I do find, however, that after I’ve written a section, I like to jump online and take a break, distract myself with some internet fluff. Then, after a minute or two, I go back and start writing some more. This is helpful to me, focusing my energy in short bursts. It’s kind of like running a sprint, stopping to catch my breath, then getting back on the track.
It’s important to never spend too long distracted online between writing sessions. If you need the break but get too sucked into the online abyss, turn off the internet and spend time looking out the window. Don’t sacrifice writing time for surfing.
Writing in motion
Once you’ve found the perfect spot to write, you just have to sit down and do it. The act of writing for many writers is the act of building up and then conserving momentum.
I have a few tricks for this. The first is that I always start each project off with a header. At the top of a page, I’ll include my client’s name on one line, the project name on the next line. If there is internal information that I need to share to help my coworkers know what it is they’re looking at, like a job number or the date, I’ll include that as well.
This information does serve a practical purpose: It helps everyone on the project keep track of what project this copy is for. More importantly for me, it gives me something to type first, without having to think about it. The act of sitting in front of a screen and just typing simple words helps get me into a mental space to start typing more meaningful words.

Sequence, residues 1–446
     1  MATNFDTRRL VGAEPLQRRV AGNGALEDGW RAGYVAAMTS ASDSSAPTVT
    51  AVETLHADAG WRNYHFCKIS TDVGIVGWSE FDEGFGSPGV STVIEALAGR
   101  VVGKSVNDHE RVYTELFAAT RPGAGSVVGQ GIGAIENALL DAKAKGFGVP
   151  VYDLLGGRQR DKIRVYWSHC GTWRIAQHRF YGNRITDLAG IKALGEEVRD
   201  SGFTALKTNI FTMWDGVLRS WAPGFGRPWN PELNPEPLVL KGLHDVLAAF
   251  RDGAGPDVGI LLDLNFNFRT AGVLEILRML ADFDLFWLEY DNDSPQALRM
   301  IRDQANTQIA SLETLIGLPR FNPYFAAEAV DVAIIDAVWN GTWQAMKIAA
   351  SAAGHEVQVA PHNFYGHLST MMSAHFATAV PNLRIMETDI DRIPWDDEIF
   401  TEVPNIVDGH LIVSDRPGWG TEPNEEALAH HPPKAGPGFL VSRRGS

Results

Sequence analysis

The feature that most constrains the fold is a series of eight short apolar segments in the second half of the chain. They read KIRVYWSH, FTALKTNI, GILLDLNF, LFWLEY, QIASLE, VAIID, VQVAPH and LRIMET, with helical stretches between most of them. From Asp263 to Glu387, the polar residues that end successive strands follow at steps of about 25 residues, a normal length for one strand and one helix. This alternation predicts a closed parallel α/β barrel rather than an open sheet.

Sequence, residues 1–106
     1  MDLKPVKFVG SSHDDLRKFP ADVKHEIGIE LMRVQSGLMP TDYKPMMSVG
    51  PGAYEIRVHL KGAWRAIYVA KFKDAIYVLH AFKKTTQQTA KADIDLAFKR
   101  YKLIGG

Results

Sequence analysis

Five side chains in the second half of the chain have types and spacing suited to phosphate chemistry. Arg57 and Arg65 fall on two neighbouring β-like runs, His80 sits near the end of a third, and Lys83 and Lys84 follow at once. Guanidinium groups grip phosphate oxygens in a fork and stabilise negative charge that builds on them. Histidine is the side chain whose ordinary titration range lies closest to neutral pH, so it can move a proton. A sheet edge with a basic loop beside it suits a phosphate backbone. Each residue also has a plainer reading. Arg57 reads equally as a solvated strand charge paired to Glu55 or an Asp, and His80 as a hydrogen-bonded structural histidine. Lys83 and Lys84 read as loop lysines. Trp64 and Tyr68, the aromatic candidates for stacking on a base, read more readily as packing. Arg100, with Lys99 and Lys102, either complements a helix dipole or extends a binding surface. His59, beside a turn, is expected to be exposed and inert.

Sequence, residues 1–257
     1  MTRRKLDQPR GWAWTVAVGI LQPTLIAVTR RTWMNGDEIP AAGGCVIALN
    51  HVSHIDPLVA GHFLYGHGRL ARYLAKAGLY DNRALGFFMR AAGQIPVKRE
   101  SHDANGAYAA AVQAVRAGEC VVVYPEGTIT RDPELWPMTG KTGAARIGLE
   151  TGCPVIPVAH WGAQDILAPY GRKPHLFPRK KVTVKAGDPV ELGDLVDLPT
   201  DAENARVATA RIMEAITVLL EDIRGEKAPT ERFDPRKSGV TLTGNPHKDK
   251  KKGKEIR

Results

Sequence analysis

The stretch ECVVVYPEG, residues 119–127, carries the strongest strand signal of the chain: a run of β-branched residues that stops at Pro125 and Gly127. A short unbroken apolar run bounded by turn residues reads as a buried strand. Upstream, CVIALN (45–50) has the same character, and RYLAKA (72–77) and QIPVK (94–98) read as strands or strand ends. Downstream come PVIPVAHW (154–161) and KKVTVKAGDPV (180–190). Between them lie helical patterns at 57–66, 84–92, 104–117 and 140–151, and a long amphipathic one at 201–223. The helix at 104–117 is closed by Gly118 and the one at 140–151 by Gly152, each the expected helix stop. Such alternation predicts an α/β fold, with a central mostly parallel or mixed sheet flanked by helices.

Then, I’ll take a look at the wireframes for the website and start working my way down. Usually I’ll start with the navigation. On my page, I like to put a header in bold that shows me and my colleagues (especially designers and programmers) where the copy goes.
So my navigation section might look something like this:
Where each of those words is a heading reading from right to left in the navigation bar.
Next I’ll write the words “Main Section” in bold, then Headline:. I like to come up with a few options for headlines, delete the ones I don’t like, then share three or four with my colleagues before deciding on which is the best.
I’ve found that writing out headline options with pen and paper frees me up to write better headlines. There’s something about seeing something perfectly typeset on a computer screen that discourages experimentation. On paper, I can cross things out, write in the margins, crumple up and throw away what I don’t like. It’s a less formal way to write, and that allows me to come up with more unexpected ideas.
I’ll still share headline ideas typed out, however.
Then I write the body copy, then CTA, all the way down the page until I’m done.
If I have a hard time writing, sometimes I’ll just write what I know is crap, just to keep my momentum going. I know I’ll return to it over and over again before I share it with anyone, so I just want to get the idea down in a very rough form. Sometimes I surprise myself and what I think is crap isn’t as crappy as I thought.